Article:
As economic development and urbanization continue on a global scale, biodiversity faces risks from continued environmental degradation, pollution, and overuse of natural resources. Scientists believe that preservation of ecosystems is vital for sustaining biodiversity and ensuring a vibrant environment for coming generations. The Government of Malaysia formulated a National Biological Diversity Policy (NPBD), which was launched in April 1998. This reiterated Malaysia’s vision “To transform Malaysia into a world center of excellence in conservation, research and utilization of tropical biological diversity by the year 2020”. The NPBP focuses on using environmental resources in a sustainable manner and emphasizes the importance of local and indigenous communities in helping to conserve the environment, and that they should reap financial rewards from sustainable environmental development. The policy includes 15 strategies for effective management of biodiversity: 1. Improve the Scientific Knowledge Base, 2. Enhance Sustainable Utilization of the Components of Biological Diversity, 3. Develop a Centre of Excellence in Industrial Research in Tropical Biological Diversity, 4. Strengthen the Institutional Framework for Biological Diversity Management, 5. Strengthen and Integrate Conservation Programs, 6. Integrate Biological Diversity Considerations into Sectoral Planning Strategies, 7. Enhance Skill, Capabilities and Competence, 8. Encourage Private Sector Participation, 9. Review Legislation to Reflect Biological Diversity Needs, 10. Minimize Impacts of Human Activities on Biological Diversity, 11. Develop Policies, Regulations, Laws and Capacity Building on Biosafety, 12. Enhance Institutional and Public Awareness, 13. Promote International Cooperation and Collaboration, 14. Exchange of Information, 15. Establish Funding Mechanisms (MOSTE (1998), Biodiversity in Malaysia Booklet, 2006).
Malaysia has established a network of protected areas for the conservation of biological diversity. Some of these permanent reserved forests, national parks, wildlife reserves and sanctuaries, nature reserves, bird sanctuaries and marine parks have been established as early as the 1930s. The forests of Malaysia constitute the largest areas of natural land ecosystems remaining in Malaysia. As such, it is an important source of biodiversity. About 60% of the Malaysia’s land area is forested. The National Forestry Act (1984) has established permanent reserved forest located in different parts of the country. The National Forestry Policy was revised in 1992 to take into account the importance of biological diversity conservation and the sustainable use of genetic resources as well as the role of local communities in forest development. Malaysia has about 14.4 million ha of permanent reserved forests. These are managed and classified under four broad categories. 1. Production forest - areas that are managed so that they sustainably supply forest produce for domestic use and for export, 2. Protection forest - areas that are managed to ensure favorable climatic and physical conditions of the country, the safeguarding of water resources, soil fertility, environmental quality, conservation of biological diversity, and minimization of damage by floods and erosion of rivers, 3. Research and Education forest - areas for research, education and conservation of biological diversity, 4. Amenity forest - for recreation, ecotourism and promoting public awareness in forestry. In the effort to protect and safeguard various forest and ecological types, the Forestry Department had set aside pockets of virgin forests within the permanent forest estates that would serve as permanent nature reserves and natural arboreta. Since its inception in the 1950s, a total of 135 virgin jungle reserves (VJR) covering 113,444 ha have been established in Malaysia. No disturbances such as logging or harvesting are allowed in VJRs. They are primarily for research purposes and for their intrinsic ecological value. They also act as ecological benchmarks of the original vegetation as well as a genetic reservoir of species for harvested forests. (Biodiversity in Malaysia Booklet, 2006).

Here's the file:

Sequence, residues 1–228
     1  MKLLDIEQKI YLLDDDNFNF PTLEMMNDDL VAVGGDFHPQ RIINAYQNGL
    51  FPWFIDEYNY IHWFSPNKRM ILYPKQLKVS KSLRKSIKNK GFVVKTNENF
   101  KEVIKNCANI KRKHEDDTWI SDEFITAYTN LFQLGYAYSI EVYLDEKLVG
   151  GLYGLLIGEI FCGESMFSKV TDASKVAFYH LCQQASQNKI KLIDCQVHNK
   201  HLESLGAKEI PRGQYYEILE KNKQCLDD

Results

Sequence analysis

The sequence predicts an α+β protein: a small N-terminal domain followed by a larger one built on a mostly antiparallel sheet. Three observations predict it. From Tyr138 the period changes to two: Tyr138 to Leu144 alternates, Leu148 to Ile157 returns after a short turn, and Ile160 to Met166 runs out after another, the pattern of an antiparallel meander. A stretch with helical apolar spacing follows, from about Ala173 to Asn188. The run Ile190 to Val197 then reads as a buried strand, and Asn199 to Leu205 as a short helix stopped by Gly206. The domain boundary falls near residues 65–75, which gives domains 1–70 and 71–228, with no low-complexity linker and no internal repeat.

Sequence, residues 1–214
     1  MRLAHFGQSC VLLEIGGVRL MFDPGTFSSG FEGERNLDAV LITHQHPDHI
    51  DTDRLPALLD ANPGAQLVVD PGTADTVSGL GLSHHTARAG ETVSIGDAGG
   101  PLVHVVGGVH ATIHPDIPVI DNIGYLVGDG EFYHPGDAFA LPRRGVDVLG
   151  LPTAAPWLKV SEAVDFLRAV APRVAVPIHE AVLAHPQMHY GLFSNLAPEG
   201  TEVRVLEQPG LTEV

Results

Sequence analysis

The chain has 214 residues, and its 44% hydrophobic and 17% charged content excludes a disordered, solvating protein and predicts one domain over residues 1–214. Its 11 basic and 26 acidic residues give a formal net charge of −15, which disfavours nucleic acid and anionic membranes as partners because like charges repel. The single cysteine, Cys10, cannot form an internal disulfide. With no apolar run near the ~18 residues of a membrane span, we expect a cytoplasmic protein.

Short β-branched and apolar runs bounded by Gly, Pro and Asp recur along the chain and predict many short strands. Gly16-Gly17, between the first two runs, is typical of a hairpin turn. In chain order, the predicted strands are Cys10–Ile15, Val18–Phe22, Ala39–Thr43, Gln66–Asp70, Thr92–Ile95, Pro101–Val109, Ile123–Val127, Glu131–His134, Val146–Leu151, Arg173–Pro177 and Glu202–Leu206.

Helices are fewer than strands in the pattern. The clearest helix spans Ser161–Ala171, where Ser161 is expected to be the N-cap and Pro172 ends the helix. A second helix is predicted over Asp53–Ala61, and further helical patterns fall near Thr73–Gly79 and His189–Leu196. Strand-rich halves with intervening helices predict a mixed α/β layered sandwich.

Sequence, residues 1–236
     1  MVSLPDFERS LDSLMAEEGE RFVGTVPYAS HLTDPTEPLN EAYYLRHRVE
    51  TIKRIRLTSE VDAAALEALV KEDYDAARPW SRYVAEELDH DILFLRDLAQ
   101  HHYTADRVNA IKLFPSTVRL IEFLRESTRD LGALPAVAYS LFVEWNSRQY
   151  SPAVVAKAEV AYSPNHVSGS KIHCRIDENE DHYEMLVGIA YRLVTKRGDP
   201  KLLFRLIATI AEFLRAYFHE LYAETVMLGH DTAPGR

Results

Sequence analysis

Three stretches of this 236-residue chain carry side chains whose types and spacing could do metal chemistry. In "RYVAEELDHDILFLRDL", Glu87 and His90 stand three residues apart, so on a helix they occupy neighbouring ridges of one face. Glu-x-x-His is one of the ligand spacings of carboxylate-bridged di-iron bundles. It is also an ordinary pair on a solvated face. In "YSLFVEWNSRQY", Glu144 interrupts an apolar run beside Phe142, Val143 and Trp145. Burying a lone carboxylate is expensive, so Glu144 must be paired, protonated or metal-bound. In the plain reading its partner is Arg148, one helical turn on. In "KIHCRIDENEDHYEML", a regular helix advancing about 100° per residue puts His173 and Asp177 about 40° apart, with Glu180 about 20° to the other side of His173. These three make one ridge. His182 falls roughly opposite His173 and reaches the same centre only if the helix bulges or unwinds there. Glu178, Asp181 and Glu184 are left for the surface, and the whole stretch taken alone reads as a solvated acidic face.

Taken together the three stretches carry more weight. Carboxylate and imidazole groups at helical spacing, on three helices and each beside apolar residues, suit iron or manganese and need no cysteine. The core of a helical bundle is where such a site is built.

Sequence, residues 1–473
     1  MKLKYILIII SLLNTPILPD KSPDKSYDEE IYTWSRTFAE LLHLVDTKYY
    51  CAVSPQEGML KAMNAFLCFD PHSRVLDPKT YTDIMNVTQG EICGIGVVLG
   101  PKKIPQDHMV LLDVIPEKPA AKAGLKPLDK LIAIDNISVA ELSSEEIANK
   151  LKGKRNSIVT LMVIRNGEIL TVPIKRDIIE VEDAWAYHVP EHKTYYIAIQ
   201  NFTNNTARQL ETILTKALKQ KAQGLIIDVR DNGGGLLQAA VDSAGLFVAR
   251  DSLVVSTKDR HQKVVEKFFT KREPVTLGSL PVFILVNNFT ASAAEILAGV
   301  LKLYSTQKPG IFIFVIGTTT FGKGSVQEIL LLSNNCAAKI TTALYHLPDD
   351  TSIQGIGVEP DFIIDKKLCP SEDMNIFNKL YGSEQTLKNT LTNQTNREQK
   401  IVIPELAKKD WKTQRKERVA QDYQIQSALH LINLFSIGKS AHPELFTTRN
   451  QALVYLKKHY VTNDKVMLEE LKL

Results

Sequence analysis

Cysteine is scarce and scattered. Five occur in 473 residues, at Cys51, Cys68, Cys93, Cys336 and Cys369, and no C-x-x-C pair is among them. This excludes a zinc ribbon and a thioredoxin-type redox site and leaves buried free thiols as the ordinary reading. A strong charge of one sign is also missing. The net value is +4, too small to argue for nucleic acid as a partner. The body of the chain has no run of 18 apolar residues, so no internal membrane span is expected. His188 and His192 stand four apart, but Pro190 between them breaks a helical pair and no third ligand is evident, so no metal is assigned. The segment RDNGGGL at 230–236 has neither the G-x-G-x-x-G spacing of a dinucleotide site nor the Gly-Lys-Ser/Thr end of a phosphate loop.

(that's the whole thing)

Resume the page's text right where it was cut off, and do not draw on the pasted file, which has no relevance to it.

Sustainable forest management is recognized to be a concrete means of applying the Ecosystem Approach to forest ecosystems. The two concepts, sustainable forest management and the ecosystem approach, aim at promoting conservation and management practices which are environmentally, socially and economically sustainable, and which generate and maintain benefits for both present and future generations. Generally speaking, the goal of forest conservation has historically not been met when, in contrast with land use changes; driven by demand for food, fuel and profit. It is necessary to recognized and promote for better forest governance more strongly given the importance of forest in meeting basic human needs in the future and maintaining ecosystem and biodiversity as well as addressing climate change mitigation and adaptation goal. Such support must be joined with financial motivations for government of developing countries and greater governance role for local government, civil society, private sector and NGOs on behalf of the “communities”.
Ministry of Natural Resources and Environment. Biodiversity in Malaysia Booklet, First published 2006. Retrieved From: http://www.nre.gov.my/ms-my/PustakaMedia/Penerbitan/Biodiversity%20in%20Malaysia.pdf
Forestry Department Peninsular Malaysia. Forestry Annual Report 2014. Retrieved From: http://www.forestry.gov.my/index.php/my/?option=com_content&view=article&id=654&Itemid=859&lang=en